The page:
@hunter - Thanks for posting the publishing info. I never did pick up that one.

    Posted 4 years ago #
  17. philobeddoe

    Philo Beddoe

    Preferred Member
    Joined: Oct 2011
    Posts: 4,551

    offline

    Login to Send PM

    Rick Hackers' Ultimate Pipe Book was very helpful to me when I was moving away from pipes and tobaccos available at drugstores into pipes and tobaccos available at B&M's. It was a very quick way to learn a great deal about our hobby at a time when there was very little to nothing being written about pipes and tobaccos. I even purchased the Ultimate Pipe Video, which is quite interesting in its own right. I know that there is a lot of opinion in addition to the facts in his books, but I do believe that he was trying to be factually correct at the time he wrote the books. I am very grateful to Rick Hacker for writing his books on pipes and pipe smoking and wish he would write more.

    "So it goes." - K.V.
    Posted 4 years ago #
  18. settersbrace

    settersbrace

    Preferred Member
    Joined: Mar 2014
    Posts: 1,622

    offline

    Login to Send PM

    His 21st Century guide and Rick Newcombs book "in search of pipe dreams" really opened my eyes to the world of collecting pipes but even more so, estate pipes. I've heard much of the vile that gets tossed in Hackers direction over the years but I've got no grudges. Good books to have in the shelf.

    De gustibus et cloribus non disputandum.
    'There is no arguing about tastes and colours.'
    Posted 4 years ago #
  19. pipesmokingtom

    pipesmokingtom

    Preferred Member
    Joined: May 2015
    Posts: 3,247

    offline

    Login to Send PM

    I've heard much of the vile that gets tossed in Hackers direction over the years but I've got no grudges

    I never knew Hacker-bashing was a thing. Hope my little post about perique isn't seen as such - though if bad-mouthing him is common, I could see how it could be.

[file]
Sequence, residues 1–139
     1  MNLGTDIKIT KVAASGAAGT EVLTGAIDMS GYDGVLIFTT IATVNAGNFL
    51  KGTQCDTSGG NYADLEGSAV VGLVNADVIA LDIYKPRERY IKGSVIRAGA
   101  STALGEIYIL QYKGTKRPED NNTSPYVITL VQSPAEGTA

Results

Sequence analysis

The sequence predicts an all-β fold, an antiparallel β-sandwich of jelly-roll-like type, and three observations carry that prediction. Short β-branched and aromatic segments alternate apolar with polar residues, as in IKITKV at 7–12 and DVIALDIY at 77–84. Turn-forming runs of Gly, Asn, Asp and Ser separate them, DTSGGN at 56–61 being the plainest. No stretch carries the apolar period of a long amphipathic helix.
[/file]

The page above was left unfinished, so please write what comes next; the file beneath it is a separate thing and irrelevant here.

No ill will or malice intended from me of course.

    Cheers.

    Posted 4 years ago #
  20. warren

    warren

    Preferred Member
    Joined: Sep 2013
    Posts: 7,637

    offline

    Login to Send PM

    It was worse a few years ago. People tend to accept Hacker as a positive now days. In the past some would take delight in tearing him down. I attributed that attitude to jealousy more than anything else. The guy had a dream job and he worked hard at it. Still does! He's a good, if sometimes fallible, spokesman.

    Your post wasn't the gloating type, so you'll get no guff from me.

    A man without a shillelagh is a man without an expedient.
    Posted 4 years ago #
  21. maxpeters

    maxpeters

    Senior Member
    Joined: Jan 2010
    Posts: 458

    offline

    Login to Send PM

    I agree with you philo, his books were very helpful to opening up the world of pipe smoking for me too. Before the internet there were very very few books about pipes and pipe smoking. I remember searching all the libraries and used books stores I could find to see if they might have anything relating to the hobby. Came up with a few out of print books, but Hacker's was the most enlightening. Now days the internet makes everyone an almost instant expert. On almost everything. How easy it is to sit back in your chair and click a few buttons and have instant access to every facet of whatever interest you.
    I guess someone should ask him about this discrepancy? Is he still around?
    I still have his Ultimate Pipe Book, Rare Smoke, and his Christmas Pipe book. Before his Christmas Pipe book, no one that I know of wrote anything about them. Just as an aside, he also wrote many fine articles and books on firearms and black powder hunting. Not to mention his books and articles on alcoholic beverages, and cigars. The guy traveled around the world talking to the people involved in these businesses, and asking questions. I enjoy his interviews with them very much.
    I guess everyone is entitled to an error. It would be interesting to find out why he wrote what he did about Perique though.

    Posted 4 years ago #
  22. pipesmokingtom

    pipesmokingtom

    Preferred Member
    Joined: May 2015
    Posts: 3,247

    offline

    Login to Send PM